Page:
This study is driven by a desire to understand why organizational changes in general ‐but especially in government‐ are so difficult to achieve. For this purpose we contrasted the traditional legal‐rational bureaucracy with the Managing for Results (MFR) template. Next, we developed a structuration theory based lens to be able to study these competing templates in practice. With this lens we focused on middle managers’ behaviors during the implementation of MFR initiatives in the Dutch central government. Specifically, we first explored change agents’ views, after which we conducted in‐depth field studies in two Dutch ministries. Based on our data we iteratively developed propositions on middle managers’ behaviors. Among the concepts that surfaced in this study, we found mindfulness and bricolage to play a particularly important role in successful change efforts. Since these behaviors are present‐oriented they enable change agents and/or managers to overcome past‐oriented institutionalized responses to change impromptu. Similarly, we found that when middle managers actively and/or passively resisted MFR implementation they were mostly influenced by territoriality and traditional beliefs, moreover, by a low perceived behavioral control.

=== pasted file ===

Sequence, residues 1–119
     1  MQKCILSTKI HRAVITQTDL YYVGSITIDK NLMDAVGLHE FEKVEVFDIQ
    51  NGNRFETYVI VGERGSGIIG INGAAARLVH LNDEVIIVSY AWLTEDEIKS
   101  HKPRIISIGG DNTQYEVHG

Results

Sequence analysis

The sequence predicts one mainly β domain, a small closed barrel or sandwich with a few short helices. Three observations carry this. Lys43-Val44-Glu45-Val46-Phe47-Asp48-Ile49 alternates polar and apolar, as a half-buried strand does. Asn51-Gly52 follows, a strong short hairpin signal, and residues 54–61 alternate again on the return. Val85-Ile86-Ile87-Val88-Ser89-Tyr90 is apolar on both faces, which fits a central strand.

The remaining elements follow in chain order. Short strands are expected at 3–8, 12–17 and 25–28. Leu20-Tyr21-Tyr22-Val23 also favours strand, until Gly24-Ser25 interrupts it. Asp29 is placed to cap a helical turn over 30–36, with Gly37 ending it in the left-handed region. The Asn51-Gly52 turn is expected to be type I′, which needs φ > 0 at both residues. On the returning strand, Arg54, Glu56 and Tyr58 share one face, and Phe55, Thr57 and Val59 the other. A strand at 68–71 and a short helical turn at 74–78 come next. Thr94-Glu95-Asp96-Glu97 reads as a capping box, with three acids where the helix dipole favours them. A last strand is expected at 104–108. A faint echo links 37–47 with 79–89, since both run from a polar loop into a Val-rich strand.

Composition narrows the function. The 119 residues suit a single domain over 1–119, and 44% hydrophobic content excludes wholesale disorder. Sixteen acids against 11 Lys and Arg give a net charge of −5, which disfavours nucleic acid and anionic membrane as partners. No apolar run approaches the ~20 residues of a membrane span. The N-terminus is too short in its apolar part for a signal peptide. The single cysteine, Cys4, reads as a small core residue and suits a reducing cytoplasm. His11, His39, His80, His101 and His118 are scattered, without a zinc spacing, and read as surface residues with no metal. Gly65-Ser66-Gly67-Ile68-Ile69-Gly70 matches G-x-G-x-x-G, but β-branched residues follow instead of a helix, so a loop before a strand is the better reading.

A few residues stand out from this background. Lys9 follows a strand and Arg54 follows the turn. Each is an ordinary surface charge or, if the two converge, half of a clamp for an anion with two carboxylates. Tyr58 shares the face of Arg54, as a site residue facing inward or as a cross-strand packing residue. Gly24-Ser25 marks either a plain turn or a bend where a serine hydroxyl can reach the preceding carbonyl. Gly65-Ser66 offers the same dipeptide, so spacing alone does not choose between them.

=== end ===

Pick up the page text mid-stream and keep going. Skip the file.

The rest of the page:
|Award date||16 Apr 2009|
|Place of Publication||Enschede|
|Publication status||Published - 16 Apr 2009|